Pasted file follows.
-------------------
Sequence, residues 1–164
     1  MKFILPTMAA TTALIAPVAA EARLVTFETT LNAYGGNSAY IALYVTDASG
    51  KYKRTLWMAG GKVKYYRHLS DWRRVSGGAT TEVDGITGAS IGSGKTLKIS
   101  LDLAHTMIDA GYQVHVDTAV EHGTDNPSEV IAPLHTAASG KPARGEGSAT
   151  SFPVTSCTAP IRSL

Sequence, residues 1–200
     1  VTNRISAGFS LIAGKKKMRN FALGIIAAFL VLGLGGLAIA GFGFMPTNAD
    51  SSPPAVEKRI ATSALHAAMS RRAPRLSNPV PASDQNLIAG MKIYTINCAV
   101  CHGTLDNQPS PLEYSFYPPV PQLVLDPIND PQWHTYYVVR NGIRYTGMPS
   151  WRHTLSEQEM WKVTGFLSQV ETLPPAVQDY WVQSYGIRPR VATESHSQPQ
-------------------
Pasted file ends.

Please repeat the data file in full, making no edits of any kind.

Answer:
Sequence, residues 1–164
     1  MKFILPTMAA TTALIAPVAA EARLVTFETT LNAYGGNSAY IALYVTDASG
    51  KYKRTLWMAG GKVKYYRHLS DWRRVSGGAT TEVDGITGAS IGSGKTLKIS
   101  LDLAHTMIDA GYQVHVDTAV EHGTDNPSEV IAPLHTAASG KPARGEGSAT
   151  SFPVTSCTAP IRSL

Sequence, residues 1–200
     1  VTNRISAGFS LIAGKKKMRN FALGIIAAFL VLGLGGLAIA GFGFMPTNAD
    51  SSPPAVEKRI ATSALHAAMS RRAPRLSNPV PASDQNLIAG MKIYTINCAV
   101  CHGTLDNQPS PLEYSFYPPV PQLVLDPIND PQWHTYYVVR NGIRYTGMPS
   151  WRHTLSEQEM WKVTGFLSQV ETLPPAVQDY WVQSYGIRPR VATESHSQPQ